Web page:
On 23 October 2017, the School of Art Museum and Galleries at Aberystwyth University received a substantial gift of some 174 artworks by the Welsh painter-printmaker Bert Isaac, who died in 2006. As Professor Robert Meyrick discovered on visiting his home in Abergavenny, his studio was a veritable treasure trove of prints, drawings and paintings, as well as sketchbooks and beautifully designed, hand-bound books that Isaac had produced in the course of a long artistic career dating back to the early 1940s. Continue reading

Exploring the School of Art Collection – 2016

 

As part of the first year art history module Exploring the School of Art Collections, students have the opportunity to write a small piece for this blog. This year the group focused on our photography collection. Each student had the opportunity to choose from a selection of prints from British, American and Italian photographers active in the mid 20th century. They only had one week to undertake some research before presenting their drafts. They all worked very hard on these projects so please take the time to view their efforts.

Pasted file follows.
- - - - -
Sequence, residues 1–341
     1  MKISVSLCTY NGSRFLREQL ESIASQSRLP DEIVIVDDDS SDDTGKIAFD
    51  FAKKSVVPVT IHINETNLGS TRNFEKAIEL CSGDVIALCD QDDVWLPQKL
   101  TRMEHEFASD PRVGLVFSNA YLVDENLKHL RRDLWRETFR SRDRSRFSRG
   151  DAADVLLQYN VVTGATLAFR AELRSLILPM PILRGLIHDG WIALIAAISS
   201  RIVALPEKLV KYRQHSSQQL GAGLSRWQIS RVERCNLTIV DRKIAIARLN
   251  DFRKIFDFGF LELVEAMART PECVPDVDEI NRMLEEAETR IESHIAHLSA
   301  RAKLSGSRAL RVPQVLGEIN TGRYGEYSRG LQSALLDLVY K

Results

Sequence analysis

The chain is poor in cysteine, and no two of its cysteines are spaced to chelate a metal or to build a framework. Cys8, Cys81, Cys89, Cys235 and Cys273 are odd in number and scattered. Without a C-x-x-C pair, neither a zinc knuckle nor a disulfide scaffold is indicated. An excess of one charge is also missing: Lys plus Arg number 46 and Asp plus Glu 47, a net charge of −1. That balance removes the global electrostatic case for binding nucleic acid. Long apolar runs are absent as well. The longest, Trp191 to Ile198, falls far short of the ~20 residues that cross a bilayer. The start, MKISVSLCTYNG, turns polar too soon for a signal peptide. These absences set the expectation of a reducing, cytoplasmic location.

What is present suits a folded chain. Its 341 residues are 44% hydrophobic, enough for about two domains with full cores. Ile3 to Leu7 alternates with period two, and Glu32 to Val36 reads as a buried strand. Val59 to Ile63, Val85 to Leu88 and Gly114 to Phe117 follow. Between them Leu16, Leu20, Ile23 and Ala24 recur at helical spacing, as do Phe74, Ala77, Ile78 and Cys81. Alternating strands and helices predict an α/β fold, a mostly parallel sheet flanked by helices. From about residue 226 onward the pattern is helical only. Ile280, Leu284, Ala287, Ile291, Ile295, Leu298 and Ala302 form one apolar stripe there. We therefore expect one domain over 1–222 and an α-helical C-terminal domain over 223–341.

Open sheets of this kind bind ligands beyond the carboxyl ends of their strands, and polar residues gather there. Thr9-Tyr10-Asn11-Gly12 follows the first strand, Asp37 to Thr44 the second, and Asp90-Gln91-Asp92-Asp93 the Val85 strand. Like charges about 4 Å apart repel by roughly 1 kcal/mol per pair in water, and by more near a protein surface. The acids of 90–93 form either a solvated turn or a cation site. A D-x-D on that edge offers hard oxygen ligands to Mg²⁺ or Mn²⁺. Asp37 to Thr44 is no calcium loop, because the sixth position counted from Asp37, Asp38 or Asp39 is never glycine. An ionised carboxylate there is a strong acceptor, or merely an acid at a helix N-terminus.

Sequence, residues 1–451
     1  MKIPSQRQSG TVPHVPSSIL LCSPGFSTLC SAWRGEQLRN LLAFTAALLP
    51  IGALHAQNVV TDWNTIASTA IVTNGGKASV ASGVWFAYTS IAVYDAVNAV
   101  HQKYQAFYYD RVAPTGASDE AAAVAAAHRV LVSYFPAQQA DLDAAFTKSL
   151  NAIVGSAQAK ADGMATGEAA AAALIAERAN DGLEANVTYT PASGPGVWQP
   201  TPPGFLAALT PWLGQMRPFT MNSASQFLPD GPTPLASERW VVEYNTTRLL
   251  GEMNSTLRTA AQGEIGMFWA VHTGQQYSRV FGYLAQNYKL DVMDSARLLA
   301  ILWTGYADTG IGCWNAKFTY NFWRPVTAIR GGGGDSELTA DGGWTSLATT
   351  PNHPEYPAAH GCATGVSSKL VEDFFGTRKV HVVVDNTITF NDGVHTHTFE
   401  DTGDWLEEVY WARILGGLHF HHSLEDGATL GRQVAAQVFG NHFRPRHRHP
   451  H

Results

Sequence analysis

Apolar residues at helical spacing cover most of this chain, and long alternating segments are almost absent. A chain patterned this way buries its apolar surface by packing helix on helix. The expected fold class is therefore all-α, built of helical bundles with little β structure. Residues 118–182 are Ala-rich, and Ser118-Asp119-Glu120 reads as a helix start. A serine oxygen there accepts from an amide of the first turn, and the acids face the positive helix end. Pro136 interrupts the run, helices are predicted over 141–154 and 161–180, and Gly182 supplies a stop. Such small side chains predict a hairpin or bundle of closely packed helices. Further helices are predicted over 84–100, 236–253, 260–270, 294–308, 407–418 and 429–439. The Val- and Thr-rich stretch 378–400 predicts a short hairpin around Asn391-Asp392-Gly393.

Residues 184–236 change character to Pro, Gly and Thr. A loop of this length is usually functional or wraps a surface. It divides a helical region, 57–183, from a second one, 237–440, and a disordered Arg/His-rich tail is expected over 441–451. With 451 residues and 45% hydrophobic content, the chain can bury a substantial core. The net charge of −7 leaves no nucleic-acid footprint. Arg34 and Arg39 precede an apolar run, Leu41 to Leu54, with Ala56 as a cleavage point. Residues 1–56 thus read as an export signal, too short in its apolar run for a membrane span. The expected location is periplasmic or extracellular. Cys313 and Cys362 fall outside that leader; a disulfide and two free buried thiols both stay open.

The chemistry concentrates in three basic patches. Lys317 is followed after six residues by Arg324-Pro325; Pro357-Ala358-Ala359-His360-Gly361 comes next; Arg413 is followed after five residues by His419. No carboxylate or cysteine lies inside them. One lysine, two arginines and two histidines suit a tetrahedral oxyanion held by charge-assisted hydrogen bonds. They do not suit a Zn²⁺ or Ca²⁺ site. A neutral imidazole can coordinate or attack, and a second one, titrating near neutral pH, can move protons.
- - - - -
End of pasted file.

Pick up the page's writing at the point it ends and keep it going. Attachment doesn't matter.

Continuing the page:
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Alternative Facts: Interpreting Works from the School of Art Collection: 22 May to 29 September 2017 at the School of Art Gallery, Aberystwyth University

AltFactsPoster_web_mailThe phrase ‘alternative facts’ is a recent addition to our vocabulary.  It has come to prominence in a political climate in which views and actions are shaped more by emotions than by reliable intelligence.  Reflecting this shift, Oxford Dictionaries declared ‘post-truth’ to be Word of the Year 2016.  And yet, alternative facts are as old as language itself. Continue reading